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Veterans, The Least of These?

9 Nov

A scripture exerpt: Then they themselves also will answer, ‘Lord, when did we see You hungry, or thirsty, or a stranger, or naked, or sick, or in prison, and did not take care of You?’ “Then He will answer them, Truly I say to you, to the extent that you did not do it to one of the least of these, you did not do it to Me.’ ~Matthew 25


 

*Personal Disclaimer: My mind is full of so many details and directions. I will attempt to briefly lay out the gist and hope for a cohesive presence.

It is inconceivable to me that our veteran’s suffer at the hands of a medical system inadequately established to care for the men and women who offer their body, mind and often times spirit in sacrifice for the rest of us. Why are the powers-that-be not reorganizing this health care system to better accommodate the needs at hand? I exhale loudly as I contemplate the complexity of the question. The profound respire of frustration.

You see I sat with my son for each and every appointment he had at the VA. There were many and at various locations–Los Angeles, Long Beach, Laguna Niguel. Hoped for Palo Alto, but denied. Looked into La Jolla, denied. We would bring our own lunch cooler, games and the best patience we could muster. Neurology, for example: After the 3 to 4 hour wait, we would meet with a resident doctor from the local University California system. The resident would take notes. Another hour and then the specialist would enter the room. Despite the notes from the resident, the same questions would fly. And result? Nothing. “Sorry but I don’t think the VA will approve that treatment. I’ll submit the request but it is doubtful. I’ll see you back here in another month.” And commonly the appointment is re-scheduled because the speciliast has to travel to teach.  What in the world is the VA doing using military veterans as tools for the educational system? The UC system is impacted in and of itself, let alone sharing it’s depletion with the VA. …it boils my blood.

I am getting closer to sharing Cole’s story, or at least pulling back the veil in snipets. His story is complex and well layered. He was on the front lines in Afghanistan with a malignant brain tumor, but was told he had mental illness. Three Army hospitals failed to extend the proper diagnostics to catch the tumor early on. In fact it was Cole who sensed the issue, but only after grappling for months with what the Marine Corps was telling him–that he was subpar. And of course they would think that, the Army hospitals were confirming as much. His tumor was discovered here in our home hospital, only after Cole insisted in the ER that he would not leave without a CT scan. End scene.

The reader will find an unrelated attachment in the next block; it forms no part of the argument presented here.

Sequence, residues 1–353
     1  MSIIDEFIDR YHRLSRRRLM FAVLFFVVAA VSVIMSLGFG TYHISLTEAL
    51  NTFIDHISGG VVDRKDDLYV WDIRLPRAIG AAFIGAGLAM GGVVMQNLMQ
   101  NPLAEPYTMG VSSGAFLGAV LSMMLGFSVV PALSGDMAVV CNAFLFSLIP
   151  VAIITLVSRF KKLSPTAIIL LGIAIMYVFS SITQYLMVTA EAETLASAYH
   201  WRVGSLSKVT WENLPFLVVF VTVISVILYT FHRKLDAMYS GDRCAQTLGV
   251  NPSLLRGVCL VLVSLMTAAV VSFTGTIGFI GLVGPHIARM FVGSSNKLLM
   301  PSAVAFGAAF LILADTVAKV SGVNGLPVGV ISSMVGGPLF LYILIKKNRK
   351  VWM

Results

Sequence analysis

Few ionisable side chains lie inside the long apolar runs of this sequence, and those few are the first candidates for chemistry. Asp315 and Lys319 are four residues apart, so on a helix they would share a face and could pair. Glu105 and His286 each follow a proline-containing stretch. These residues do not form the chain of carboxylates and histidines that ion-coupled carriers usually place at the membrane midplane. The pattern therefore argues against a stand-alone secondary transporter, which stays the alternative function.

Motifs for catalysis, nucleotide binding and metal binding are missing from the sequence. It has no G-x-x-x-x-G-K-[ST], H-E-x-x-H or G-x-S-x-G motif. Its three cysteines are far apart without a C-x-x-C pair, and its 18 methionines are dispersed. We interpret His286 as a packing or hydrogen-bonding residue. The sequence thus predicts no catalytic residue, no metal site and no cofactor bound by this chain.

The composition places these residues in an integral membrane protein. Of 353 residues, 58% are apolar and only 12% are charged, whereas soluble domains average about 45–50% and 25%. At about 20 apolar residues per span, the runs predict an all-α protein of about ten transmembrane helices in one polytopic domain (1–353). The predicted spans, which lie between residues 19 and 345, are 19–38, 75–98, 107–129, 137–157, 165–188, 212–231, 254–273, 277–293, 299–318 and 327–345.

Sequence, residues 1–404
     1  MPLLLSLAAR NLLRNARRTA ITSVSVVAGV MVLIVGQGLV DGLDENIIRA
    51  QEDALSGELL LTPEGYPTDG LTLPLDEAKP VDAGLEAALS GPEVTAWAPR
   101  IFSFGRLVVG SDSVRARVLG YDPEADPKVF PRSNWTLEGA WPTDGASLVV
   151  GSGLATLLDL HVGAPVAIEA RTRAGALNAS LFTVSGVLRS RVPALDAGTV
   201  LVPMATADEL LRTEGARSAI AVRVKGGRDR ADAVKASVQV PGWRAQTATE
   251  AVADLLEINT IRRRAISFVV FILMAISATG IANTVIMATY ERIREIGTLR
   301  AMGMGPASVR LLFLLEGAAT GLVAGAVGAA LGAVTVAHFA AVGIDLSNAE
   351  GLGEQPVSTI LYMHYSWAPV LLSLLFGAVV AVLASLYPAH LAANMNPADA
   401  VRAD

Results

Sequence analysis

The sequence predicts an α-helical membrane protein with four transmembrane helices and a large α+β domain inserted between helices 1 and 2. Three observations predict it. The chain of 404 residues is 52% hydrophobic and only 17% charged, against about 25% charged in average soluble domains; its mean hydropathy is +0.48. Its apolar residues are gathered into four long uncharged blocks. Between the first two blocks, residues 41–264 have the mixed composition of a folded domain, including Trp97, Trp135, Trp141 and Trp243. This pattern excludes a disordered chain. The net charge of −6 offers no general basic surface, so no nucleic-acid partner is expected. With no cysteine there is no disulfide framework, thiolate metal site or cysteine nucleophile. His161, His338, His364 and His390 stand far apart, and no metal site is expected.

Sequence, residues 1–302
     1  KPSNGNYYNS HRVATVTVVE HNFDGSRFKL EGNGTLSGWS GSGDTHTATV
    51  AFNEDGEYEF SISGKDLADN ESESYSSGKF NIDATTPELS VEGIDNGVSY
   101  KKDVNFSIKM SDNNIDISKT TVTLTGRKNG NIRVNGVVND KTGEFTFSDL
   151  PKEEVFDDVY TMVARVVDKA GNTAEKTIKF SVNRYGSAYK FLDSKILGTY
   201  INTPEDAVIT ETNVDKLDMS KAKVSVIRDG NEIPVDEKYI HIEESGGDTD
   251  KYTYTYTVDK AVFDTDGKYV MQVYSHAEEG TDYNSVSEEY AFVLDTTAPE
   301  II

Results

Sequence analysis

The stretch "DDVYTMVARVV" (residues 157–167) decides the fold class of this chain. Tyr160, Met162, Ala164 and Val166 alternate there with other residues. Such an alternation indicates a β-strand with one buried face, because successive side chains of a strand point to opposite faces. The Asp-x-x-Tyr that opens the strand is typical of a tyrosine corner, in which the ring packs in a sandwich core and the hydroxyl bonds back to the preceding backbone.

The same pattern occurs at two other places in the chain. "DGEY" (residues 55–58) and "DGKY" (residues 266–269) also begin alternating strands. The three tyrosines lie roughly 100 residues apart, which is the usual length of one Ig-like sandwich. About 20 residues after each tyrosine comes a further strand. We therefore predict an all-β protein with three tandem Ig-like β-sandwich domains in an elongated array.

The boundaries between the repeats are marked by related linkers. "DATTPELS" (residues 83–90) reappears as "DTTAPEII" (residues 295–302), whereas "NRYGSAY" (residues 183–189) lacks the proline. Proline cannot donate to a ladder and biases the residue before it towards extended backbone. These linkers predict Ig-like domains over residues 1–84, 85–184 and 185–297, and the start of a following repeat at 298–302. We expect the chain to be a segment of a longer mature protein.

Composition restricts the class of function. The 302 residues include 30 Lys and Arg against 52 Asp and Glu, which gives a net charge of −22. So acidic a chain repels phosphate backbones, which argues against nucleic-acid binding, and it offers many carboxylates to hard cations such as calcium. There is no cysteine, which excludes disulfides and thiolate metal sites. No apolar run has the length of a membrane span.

This morning my husband asked the most unusual question, “Would you want to hike up to the flag pole with me today?” Now if you know me, you know that I LOVE to hike. You would also know that Brian (my other half) does not. So when he asked me, and being I had the day off from work, I jumped at the chance and gave an emphatic, positive reply. Being that Veteran’s Day is heading toward us this week, my heart is a bit sensitive. Veteran’s Day also falls the day before our daughter’s birthday. These two dates are bitter sweet for our family. Without Cole by our side, celebrations of any kind are. And the flag pole hike is one that I have traversed with Cole alone, prior to his tumor discovery. So this morning as I was retracing steps long ago taken with my son by my side, and being the very trail is named “Patriot Trail,” additionally the flag waving atop the ridgeline was secured as an Eagle Scout project (Cole earned his Eagle Scout in January of 2009) my mind was busy in pondering. I thought of our own story, layered and well suited for a lawsuit or two. But as I think of the legal road, I can’t escape the question, “for what and to whom would that benefit?” I can sue the Army, Marine Corps and VA but that won’t bring Cole back to our family. Sure a little financial gain is a temptation, I won’t lie. Especially as expenses from the experience mount. But the gain of financial security seems pointless when Cole’s story is the unfortunate story of many of our veteran’s. No, I must hang on and invest the energy needed to “tell the tale” for the greater good–the men and women still living.

One of Cole’s best friends from the Corps is one such person. In Texas he is currently experiencing the same “run around” for a condition that should (and could) easily be remidied. When I think of my calling as a servant of The Most High, I cannot forget the living. And as such I remember the words of Jesus as written in the book of Matthew. Of course with teaching from Jesus there are multiple lessons imparted, though I am honing in on “the least of these.” Essentially Jesus is saying to those he is teaching that when considering people of lesser circumstances, you are simultaneously considering the Heavenly Father. And should you disregard those facing unfortunate pathways, you also disregard God. Thus to garner favor for the Bent family only feels wrong, when so many are presently living Cole’s story. Which brings me to my next question, “how did our military veteran’s get relegated to the category of ‘least of these’?” The idea of it sickens my soul.